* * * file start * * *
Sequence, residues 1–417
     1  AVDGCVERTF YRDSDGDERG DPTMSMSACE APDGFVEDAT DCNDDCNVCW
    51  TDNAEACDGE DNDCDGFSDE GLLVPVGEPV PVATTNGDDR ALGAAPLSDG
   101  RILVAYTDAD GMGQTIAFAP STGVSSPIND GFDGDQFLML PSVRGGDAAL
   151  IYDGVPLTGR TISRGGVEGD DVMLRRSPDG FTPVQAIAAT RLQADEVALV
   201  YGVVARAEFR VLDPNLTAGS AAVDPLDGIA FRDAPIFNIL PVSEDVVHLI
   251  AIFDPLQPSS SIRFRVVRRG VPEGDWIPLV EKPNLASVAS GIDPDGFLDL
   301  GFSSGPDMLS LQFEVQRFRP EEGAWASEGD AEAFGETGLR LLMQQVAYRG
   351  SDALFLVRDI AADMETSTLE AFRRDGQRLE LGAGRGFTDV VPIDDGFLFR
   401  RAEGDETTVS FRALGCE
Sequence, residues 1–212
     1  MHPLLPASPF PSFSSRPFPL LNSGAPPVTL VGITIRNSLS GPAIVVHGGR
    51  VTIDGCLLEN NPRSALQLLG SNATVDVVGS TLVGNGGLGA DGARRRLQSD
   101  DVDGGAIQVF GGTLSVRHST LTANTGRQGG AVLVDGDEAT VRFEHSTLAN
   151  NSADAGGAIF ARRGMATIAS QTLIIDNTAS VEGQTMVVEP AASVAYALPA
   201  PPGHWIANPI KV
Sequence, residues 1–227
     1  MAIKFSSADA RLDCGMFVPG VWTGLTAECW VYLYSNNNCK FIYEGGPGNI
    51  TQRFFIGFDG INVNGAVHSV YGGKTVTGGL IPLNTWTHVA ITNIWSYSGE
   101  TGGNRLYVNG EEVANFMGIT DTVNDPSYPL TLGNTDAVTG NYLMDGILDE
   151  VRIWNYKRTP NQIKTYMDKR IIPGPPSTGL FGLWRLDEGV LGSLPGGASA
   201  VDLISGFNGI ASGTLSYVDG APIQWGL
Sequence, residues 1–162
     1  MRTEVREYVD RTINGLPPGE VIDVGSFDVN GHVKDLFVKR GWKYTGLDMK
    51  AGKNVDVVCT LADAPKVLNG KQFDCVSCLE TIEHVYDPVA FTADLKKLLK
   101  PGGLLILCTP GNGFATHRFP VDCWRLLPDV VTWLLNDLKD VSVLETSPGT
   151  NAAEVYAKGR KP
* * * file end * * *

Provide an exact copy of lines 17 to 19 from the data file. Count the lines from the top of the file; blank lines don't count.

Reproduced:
Sequence, residues 1–227
     1  MAIKFSSADA RLDCGMFVPG VWTGLTAECW VYLYSNNNCK FIYEGGPGNI
    51  TQRFFIGFDG INVNGAVHSV YGGKTVTGGL IPLNTWTHVA ITNIWSYSGE